However, the State misinterprets this statutory provision because it merely provides the Director with discretion to choose the “method or process” of producing copies, either by “photography, dry copy, typing or computer printout.” Contrary to the State’s “interpretation,” HRS § 338-13(c) does not grant the Director any “discretion” or authority to disregard the requirements of HRS § 338-13(a) to provide a “certified copy of any certificate.” This section only grants the Director the discretion and authority to approve the “manner or process” of making copies. If the Legislature had intended to grant the Director the sole discretion of providing only a “computer generated abstract,” the Legislature would have eliminated the requirement of providing “a certified copy of any certificate,” or alternatively, the Legislature could have expressly granted the Director with similar discretion or authority as in HRS § 338-13(a), but the Legislature has not done so.
In addition, HRS § 338-13(c) cannot be construed as granting the Department of Health the sole discretion to provide a “computer generated abstract,” in lieu of a copy of a certified original Birth Certificate. This would effectively nullify the requirement of HRS § 338-13(a) of providing a “certified copy of any certificate.” HOH Corp. v. Motor Vehicle Industry Licensing Bd, DCCA, 69 Haw. 135, 736 P.2d 1271 (1987) (The law has long been clear that agencies may not nullify statutes).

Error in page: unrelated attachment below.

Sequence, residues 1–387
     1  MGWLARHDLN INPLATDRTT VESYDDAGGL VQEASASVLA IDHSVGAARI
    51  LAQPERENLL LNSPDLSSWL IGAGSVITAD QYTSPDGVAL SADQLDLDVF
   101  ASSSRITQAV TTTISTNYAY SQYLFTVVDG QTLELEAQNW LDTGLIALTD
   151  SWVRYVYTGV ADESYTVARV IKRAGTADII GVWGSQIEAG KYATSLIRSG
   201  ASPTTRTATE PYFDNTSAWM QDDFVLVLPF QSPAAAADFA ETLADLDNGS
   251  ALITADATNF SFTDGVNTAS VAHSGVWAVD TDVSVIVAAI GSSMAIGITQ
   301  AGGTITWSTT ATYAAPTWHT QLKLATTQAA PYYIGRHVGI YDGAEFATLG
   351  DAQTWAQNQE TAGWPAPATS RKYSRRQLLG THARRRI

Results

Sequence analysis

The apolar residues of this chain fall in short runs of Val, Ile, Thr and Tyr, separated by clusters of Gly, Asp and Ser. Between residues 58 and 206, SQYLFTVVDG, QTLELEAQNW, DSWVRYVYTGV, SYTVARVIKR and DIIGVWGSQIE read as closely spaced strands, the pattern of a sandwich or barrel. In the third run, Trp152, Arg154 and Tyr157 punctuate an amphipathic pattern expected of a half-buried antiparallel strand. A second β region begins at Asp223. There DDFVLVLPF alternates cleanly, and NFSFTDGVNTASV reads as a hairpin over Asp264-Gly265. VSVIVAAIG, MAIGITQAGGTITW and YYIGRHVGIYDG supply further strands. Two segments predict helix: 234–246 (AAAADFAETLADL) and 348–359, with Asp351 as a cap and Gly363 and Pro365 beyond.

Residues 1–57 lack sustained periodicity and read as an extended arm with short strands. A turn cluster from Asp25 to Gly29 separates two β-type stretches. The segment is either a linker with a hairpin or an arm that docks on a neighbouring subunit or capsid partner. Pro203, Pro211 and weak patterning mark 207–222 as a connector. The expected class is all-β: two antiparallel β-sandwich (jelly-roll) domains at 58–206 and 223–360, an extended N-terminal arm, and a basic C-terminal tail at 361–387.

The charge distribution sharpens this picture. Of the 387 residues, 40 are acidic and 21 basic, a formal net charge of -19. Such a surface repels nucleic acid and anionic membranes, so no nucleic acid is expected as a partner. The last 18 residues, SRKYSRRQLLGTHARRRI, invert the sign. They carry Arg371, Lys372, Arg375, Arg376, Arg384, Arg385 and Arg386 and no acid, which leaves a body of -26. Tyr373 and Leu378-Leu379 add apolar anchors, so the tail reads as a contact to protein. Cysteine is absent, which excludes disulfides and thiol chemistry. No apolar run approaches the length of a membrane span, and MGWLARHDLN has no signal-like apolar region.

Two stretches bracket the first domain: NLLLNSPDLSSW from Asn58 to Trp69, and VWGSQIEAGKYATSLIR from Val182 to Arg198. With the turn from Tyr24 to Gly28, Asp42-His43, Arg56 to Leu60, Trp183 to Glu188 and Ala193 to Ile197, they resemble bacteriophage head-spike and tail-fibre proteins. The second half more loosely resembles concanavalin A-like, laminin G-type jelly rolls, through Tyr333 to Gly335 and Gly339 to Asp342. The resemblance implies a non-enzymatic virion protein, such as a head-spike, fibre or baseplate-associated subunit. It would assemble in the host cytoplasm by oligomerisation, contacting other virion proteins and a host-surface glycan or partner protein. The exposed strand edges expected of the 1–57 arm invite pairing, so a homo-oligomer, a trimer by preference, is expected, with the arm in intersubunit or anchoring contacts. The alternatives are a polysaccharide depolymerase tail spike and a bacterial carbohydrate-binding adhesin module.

It is also a general rule of construction in the interpretation of a statute, “courts may not take, strike, or read anything out of a statute, or delete, subtract, or omit anything.” 73 Am Jur 2d STATUTES § 200. “[I]t is a cardinal rule of statutory construction that significance and effect should, if possible, . . . be accorded to every part of the act, including every section, paragraph, sentence or clause, phrase, and word, phrase, sentence and word.” (Emphasis added). 73 Am Jur 2d STATUTES § 250.
“When construing a statute, our foremost obligation is to ascertain and give effect to the intention of the legislature which is to be obtained primarily from the language contained in the statute itself. Moreover, it is well-settled that courts are bound to give effect to all parts of a statute, and that no clause, sentence or word shall be construed as superfluous, void, or insignificant if a construction can be legitimately found which will give force to and preserve all words of the statute.” (Emphasis added). State of Hawaii v. Magoon, 75 Haw. 164, 177, 858 P.2d 712 (1993); Hi Kai Inv. v. Aloha Futons, 84 Haw. 75, 929 P.2d 88 (1996) (The court, whenever possible, interprets every word, clause and sentence of a statute to give them effect). The Court must give effect to both HRS § 338-13(a) which requires the Department of Health to provide a “certified copy of any certificate,” and HRS § 338-13(c) which provides the Director only discretion as to the method of copying records.